The company I was working for at the time was expanding. I switched to employee development, teaching small-group seminars on professional and life skills. The employees seemed to enjoy the classes, and I was finally using my psych training. I was convinced I had found the right career at last. Unfortunately, there was a change in management, and the job was dissolved. Disillusioned, it was time for a real leap of faith.

I’d gotten close to my dream career, but something wasn’t quite right. Then I happened upon an out-of-print book called Living Life on Purpose, by Greg Anderson. The author suggested that the little voice we hear inside, nudging us, is the voice of God. This was a startling idea to me. I’d always thought of God as somewhere out there, not within. As Anderson says, “Spiritually God has already assigned us a unique mission. God has given us talents and has given us the guidance of our Inner Wisdom as to which talents give us the greatest pleasure.”

Shortly after that, I had a dream about my dad, who had passed away that year. He had beautiful handwriting, from the Palmer Method they taught in his day. When I was little, he used to take my hand and help me practice making circles on the page to ensure that I was using the proper motion. When I awoke from the dream, my hand was moving in a circular motion and I was repeating the word “write.” Could there be a clearer sign of what I was supposed to do? I had been writing for years, but not from the heart.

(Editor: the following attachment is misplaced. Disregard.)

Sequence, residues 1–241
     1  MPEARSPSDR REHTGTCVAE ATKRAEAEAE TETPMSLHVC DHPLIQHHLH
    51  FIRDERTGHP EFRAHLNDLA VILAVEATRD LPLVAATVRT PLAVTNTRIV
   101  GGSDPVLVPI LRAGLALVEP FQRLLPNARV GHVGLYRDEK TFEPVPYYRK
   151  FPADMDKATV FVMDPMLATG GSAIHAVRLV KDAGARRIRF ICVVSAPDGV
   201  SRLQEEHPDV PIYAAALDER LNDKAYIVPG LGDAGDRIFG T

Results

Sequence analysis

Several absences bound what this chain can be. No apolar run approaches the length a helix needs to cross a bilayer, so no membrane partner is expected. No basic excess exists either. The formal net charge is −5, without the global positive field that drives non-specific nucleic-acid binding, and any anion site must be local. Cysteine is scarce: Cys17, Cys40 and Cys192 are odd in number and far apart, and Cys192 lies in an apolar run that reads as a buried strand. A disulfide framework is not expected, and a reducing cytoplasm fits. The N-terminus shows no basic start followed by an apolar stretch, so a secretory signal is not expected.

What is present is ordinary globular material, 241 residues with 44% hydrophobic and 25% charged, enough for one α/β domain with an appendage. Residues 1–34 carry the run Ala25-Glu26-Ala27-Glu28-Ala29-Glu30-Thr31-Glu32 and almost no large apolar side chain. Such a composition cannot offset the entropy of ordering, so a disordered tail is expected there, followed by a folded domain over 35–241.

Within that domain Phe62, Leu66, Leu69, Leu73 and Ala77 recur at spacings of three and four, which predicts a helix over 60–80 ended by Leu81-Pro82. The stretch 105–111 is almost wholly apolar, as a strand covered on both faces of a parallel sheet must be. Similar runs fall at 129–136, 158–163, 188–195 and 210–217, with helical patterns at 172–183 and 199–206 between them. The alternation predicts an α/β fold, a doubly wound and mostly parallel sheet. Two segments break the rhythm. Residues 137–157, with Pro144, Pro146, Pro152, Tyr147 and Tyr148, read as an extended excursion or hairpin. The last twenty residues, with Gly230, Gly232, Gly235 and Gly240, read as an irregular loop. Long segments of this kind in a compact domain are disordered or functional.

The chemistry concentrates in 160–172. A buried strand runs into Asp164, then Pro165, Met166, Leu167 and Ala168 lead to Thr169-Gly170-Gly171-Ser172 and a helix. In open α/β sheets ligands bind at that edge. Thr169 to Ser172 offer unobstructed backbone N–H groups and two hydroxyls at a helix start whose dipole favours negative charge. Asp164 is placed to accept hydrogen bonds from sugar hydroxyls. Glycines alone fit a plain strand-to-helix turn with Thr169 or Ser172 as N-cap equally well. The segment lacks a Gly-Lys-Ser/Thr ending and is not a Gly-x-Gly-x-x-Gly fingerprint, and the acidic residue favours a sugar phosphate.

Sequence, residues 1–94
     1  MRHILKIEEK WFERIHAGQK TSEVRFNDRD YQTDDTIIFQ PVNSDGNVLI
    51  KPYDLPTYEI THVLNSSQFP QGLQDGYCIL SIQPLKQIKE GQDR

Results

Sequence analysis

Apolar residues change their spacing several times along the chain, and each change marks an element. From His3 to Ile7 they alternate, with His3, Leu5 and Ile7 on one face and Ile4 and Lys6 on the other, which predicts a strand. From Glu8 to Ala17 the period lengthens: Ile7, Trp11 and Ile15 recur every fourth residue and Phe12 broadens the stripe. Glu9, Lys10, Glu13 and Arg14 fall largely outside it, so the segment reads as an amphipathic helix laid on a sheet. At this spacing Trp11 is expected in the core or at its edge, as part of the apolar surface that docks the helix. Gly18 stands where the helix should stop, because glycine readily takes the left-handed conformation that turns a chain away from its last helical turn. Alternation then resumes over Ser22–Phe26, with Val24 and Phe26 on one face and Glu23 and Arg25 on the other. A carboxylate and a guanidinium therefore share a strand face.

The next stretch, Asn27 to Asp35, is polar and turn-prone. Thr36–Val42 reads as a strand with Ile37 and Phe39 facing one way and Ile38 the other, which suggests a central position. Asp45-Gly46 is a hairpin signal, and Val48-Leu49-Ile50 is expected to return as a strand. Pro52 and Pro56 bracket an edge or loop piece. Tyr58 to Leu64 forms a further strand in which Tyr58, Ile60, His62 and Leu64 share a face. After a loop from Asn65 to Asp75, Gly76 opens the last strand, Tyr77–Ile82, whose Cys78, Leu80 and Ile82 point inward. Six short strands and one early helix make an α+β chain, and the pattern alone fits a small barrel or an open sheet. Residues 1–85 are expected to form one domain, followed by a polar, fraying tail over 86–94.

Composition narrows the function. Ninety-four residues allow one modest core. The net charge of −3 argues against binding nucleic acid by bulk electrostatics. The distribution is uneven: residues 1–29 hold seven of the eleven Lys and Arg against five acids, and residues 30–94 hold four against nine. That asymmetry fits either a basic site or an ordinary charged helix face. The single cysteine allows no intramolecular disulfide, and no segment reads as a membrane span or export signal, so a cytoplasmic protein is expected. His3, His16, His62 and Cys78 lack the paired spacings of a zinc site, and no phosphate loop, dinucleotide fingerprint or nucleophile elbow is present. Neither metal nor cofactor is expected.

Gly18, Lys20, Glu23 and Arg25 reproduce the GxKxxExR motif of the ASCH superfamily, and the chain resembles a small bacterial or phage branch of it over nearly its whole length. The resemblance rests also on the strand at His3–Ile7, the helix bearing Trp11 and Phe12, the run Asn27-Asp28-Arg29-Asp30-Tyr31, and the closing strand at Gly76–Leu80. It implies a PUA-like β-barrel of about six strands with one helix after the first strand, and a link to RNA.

With a new sense of direction, I decided to try freelancing. I wrote a book about the benefits of psychotherapy. I started submitting articles to the local newspaper, and eventually landed a monthly column. I published a book of personal reflections, followed by a book about my parents’ courtship during World War II based on dad’s love letters to my mom. I have become a writer.

So what does all this have to do with the man on the roof? Well, for years I prayed and cried, cried and prayed about my career “block.” But when I step back to look at how my prayers have been answered, it’s kind of embarrassing that I didn’t recognize the clues. Over the years I’ve had: grammar drilled into me by the nuns; a huge family and rich life experiences to write about; years of computer experience; and my own dad appearing to me in a dream, taking me by the hand and showing me my future.

As if that weren’t enough, I found a friend and mentor in the person of Earl Hamner, creator of The Waltons TV show. One of my early newspaper articles was about the strong family values inherent in the series. Mr. Hamner and I began corresponding. I have adopted his personal philosophy: “We are human and small and vulnerable but our journey can be magnificent and memorable and worthy, valuable to us and to those whose lives touch our own.”

You hear musicians say they don’t write their music, they just hear the songs in their heads. Writers experience a similar phenomenon. The words don’t come from me, but through me. The work is effortless, and energizing, because I’m finally doing what I love: using my voice to inspire others. All my life, I’ve been told that I’m smart. But on this career issue, as my friend Earl would say, I didn’t see it coming for a country mile.